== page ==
Interesting facts about peridot – August’s birthstone
Peridot is named after the French word peritot, meaning gold, because the mineral can vary towards this color. Peridot is the birthstone for the month of August. It is also the stone given to celebrate the 15th wedding anniversary.
Peridot has a very long written history. Ancient papyri record the mining of these stones as early as 1500 BC. The main source of peridot in the ancient world was Topazo Island (now Zabargad or St. John’s Island) in the Egyptian Red Sea. In Ancient times, peridot stones were used for carved talismans. Island habitants were forced to collect the gems for the Pharaoh’s treasury. Legend says that jealous watchers who had orders to put to death any trespassers guarded the entire island. The story continues that the miners worked in the daytime as well as night, as the gems could be found after nightfall due to their radiance. The miners would mark the spot at night for retrieval the following day.
Here are a few more fun facts you may not already know about August’s birthstone:
Cleopatra famously wore peridots

In ancient times, Egypt was the primary source of the peridot, called the ‘Gem of the Sun’. The Egyptians was extremely fascinated with the peridot, and they were made into Talisman to ward off evil. Interestingly, the gemstones worn by Queen Cleopatra were not emeralds, as it was popularly believed, but actually the peridot. Travelers at the time were not yet familiar with the rare stone and mistook it for the darker green gemstone they already knew.
Peridot in volcanic rock.
It’s mined across the world

Although it was made famous in Egypt, it can actually be mined in many places in America and abroad. American peridot mines exist in Arkansas, Arizona on the San Carlos reservations, Nevada and Hawaii. Foreign sources of the stone include Australia, Kenya, China, Brazil, Myanmar, Pakistan, South Africa, Tanzania and Sri Lanka. Peridot crystals have even been found in pallasite meteorites!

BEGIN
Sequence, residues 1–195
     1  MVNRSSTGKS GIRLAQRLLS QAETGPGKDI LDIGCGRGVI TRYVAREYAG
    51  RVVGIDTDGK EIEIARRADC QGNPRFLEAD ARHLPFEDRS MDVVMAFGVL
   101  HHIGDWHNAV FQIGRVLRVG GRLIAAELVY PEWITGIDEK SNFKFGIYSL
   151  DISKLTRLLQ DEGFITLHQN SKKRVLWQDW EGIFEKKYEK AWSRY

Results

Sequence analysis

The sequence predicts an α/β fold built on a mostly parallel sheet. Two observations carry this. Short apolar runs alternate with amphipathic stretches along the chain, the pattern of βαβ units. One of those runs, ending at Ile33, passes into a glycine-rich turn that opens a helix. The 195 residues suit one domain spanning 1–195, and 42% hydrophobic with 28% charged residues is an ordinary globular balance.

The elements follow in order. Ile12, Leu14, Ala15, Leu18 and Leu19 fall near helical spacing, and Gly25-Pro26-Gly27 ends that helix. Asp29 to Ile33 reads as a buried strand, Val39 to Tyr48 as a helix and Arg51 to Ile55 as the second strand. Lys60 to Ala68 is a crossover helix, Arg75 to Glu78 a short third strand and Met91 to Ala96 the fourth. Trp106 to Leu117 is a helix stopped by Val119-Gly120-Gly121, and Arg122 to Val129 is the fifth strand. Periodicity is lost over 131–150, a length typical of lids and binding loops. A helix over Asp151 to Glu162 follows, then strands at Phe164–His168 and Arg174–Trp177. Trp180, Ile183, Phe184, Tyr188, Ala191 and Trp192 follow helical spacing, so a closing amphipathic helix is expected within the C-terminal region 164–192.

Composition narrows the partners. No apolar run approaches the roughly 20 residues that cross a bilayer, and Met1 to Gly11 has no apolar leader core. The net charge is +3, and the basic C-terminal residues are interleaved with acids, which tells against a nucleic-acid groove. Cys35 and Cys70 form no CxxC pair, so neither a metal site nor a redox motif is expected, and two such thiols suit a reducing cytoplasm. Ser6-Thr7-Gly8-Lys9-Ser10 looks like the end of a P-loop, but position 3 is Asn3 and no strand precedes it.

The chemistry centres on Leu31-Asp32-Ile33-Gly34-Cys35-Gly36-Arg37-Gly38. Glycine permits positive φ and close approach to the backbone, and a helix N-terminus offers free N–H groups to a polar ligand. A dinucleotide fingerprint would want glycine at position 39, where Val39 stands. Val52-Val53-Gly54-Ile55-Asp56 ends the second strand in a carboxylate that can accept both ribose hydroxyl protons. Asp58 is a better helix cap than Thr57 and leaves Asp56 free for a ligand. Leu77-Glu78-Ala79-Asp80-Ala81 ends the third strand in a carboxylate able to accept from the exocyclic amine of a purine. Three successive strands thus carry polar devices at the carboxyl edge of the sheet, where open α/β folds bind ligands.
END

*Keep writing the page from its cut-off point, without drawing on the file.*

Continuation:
Many ancient texts mention it

References to the gemstone have been found in the Christian bible, going by its Hebrew name ‘Pitdah.’ Egyptian scrolls found by modern archeologists indicate that the ancient Egyptian priests believed the Peridot contained the forces of nature and used cups encrusted with this gemstone to achieve communion with their Nature Gods.
It is woven into ancient Hawaiian folklore

The pale green color associated with the peridot gives off a tropical feel, and with good reason. This stone is formed deep within the earth’s crust and makes its appearance through volcanic activity. In Hawaii, the stone is involved in ancient folklore and is said to symbolize the tears of the Goddess Pele, the goddess of volcanoes and fire.
Its shades can vary

The peridot is one of only a few gemstones that exist in only one color. While all peridots are green, it is found in different shades spanning from pale green, olive-green to even bright lime. The most expensive Peridots are sparkling lime-green without brown or yellow hues. These shades of green combine well with silver or platinum for stunning jewelry that really stands out.
The Smithsonian houses the largest peridot

One of the most famous peridots is a 46.16-karat stone that was extracted in Pakistan and can be seen today in the Smithsonian Museum. Another in the Smithsonian’s collection is an exquisite 34.65-karat peridot necklace with its modified triangular step gemstone that was found at San Carlos Indian Reservation, a location in Arizona now used for mining the stones.
The peridot makes a very special birthstone for the month of August and gives the wearer an opportunity to have jewelry not commonly seen on others. Modern day peridots are predominantly used for rings, earrings, and pendants. They can be cut into many different shapes from square, oval, teardrop as well as heart shaped.